If you’re a book person or a YA (young adult) person or anything, you probably noticed an uproar a week or so ago, started by this article from the Wall Street Journal. Basically, the author suggested that YA fiction is “too dark” these days. As you might expect, YA authors and fans all made a lot of noise in response. One such response was by Sherman Alexie, and as such, I decided to read his The Absolutely True Diary of a Part-Time Indian. Good choice.
The Absolutely True Diary … is an account of a year (or so) in the life of Arnold “Junior” Spirit, a teenager growing up on an Indian reservation. In making the decision to leave “the rez” to attend a much better school in a small white community, he alienates his tribe, loses his best friend, makes some surprising new ones, and learns a lot about himself and about the real world. It’s sort of a coming-of-age story, except at the end of it, Junior still has a long way to go.
This was a really fun (and quick and easy!) read. For the first chapter or so, I was feeling a bit like Alexie was trying to create his own Holden Caulfield, but ultimately, Junior’s voice won me over. He’s smart and honest and sensitive, and just such a BOY. The sad realities he shares about being an American Indian, and really about adulthood in general, are depressing, sure, but through his creativity, there still seems to be a bit of hope. Junior is an aspiring cartoonist, and as such the story is accompanied by some of his “cartoons,” marvelously drawn by Ellen Forney.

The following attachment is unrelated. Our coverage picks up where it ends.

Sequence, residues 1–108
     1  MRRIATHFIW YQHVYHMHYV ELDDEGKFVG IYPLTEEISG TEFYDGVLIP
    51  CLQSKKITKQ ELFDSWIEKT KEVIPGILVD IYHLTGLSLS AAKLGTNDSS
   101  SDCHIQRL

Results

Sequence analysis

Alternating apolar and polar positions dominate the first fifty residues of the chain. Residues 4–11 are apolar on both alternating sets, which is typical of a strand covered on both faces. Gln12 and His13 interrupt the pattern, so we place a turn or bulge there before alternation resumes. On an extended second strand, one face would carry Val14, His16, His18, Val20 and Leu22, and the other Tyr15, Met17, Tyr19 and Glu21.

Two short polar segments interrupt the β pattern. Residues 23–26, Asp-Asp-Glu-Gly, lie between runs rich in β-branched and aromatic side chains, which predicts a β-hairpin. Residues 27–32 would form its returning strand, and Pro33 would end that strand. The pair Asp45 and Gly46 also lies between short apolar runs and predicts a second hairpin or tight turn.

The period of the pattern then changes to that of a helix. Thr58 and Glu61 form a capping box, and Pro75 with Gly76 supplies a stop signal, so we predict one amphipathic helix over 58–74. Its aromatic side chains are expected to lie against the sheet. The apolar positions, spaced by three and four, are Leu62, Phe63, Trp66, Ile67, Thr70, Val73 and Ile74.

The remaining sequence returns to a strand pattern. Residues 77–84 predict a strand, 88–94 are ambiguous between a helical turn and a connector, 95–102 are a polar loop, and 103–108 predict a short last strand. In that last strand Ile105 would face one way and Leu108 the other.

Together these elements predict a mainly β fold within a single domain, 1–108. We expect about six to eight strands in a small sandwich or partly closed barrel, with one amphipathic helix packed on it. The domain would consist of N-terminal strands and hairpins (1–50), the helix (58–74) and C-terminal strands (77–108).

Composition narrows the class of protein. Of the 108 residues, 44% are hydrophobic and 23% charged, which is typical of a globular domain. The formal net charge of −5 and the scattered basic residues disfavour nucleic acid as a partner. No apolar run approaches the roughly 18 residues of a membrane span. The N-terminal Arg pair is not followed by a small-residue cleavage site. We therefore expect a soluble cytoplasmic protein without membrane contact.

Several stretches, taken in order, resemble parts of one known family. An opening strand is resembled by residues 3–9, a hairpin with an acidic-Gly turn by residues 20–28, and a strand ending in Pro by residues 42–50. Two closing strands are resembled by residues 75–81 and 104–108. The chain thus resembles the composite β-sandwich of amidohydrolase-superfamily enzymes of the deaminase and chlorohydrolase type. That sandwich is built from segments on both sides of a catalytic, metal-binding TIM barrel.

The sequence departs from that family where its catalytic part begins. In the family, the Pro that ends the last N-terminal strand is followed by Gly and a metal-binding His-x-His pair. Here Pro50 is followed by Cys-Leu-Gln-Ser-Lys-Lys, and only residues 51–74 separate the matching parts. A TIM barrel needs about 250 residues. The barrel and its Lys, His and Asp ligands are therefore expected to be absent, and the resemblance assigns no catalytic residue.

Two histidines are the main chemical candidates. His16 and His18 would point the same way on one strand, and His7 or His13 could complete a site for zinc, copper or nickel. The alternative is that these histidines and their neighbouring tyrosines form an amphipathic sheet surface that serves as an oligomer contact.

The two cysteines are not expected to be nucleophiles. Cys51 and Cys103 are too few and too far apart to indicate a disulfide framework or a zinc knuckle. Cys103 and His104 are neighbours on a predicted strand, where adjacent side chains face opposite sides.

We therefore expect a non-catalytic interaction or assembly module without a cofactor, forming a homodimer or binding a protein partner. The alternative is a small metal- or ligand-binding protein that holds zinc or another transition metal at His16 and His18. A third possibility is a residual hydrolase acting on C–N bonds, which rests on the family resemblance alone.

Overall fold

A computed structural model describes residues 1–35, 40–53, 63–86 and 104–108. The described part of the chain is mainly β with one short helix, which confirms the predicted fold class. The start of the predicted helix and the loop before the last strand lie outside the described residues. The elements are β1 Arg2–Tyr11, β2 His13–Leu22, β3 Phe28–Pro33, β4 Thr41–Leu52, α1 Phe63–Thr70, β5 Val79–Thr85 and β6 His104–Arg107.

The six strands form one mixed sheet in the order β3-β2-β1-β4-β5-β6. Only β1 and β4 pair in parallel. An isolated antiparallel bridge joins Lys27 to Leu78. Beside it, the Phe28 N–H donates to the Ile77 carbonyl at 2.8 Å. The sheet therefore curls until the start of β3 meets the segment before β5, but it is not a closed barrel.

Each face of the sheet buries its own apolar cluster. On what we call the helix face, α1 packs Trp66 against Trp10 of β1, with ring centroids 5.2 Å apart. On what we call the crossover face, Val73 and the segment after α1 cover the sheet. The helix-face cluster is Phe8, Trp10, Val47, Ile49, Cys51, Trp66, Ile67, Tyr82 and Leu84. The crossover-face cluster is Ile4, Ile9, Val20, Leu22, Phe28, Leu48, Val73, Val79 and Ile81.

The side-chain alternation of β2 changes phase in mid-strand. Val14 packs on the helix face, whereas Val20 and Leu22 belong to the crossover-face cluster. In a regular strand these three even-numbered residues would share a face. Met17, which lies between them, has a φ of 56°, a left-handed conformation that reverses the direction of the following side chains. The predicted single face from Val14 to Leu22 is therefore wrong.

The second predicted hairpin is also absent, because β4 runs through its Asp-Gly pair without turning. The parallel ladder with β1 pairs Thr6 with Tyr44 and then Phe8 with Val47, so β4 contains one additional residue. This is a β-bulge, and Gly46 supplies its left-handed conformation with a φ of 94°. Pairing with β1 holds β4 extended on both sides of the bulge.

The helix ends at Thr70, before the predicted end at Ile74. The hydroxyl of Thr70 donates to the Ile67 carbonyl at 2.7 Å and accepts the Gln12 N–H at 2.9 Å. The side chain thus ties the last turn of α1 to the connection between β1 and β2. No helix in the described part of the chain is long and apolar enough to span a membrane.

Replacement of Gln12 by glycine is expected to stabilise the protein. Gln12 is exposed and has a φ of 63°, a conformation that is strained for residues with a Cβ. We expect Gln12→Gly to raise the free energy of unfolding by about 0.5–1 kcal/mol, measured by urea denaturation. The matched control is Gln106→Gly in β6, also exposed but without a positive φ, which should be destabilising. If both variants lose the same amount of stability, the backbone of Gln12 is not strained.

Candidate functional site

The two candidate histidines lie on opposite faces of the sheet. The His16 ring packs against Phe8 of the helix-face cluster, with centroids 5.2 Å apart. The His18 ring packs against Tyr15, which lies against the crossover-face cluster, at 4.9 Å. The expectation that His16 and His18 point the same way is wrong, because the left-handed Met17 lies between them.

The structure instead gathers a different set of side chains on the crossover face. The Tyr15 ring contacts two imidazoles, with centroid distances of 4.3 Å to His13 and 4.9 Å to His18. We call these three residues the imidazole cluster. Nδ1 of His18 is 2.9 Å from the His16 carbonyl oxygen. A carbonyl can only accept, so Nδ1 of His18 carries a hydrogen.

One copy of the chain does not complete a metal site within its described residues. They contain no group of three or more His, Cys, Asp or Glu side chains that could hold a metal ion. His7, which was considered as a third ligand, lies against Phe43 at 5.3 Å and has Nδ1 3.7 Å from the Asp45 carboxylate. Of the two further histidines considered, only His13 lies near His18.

I was expecting something much darker given Alexie’s essay, and was pleasantly surprised here. Again, the subject matter is often quite serious and adult, but it’s treated with a sense of humor that is not disrespectful, but is rather whimsical. I really enjoyed it for its realism and humor, and the narration is the crowning achievement. You will love Junior (who presumably has more than a bit of Sherman Alexie himself in him) and cheer him on in any future, un-read-about (?) adventures.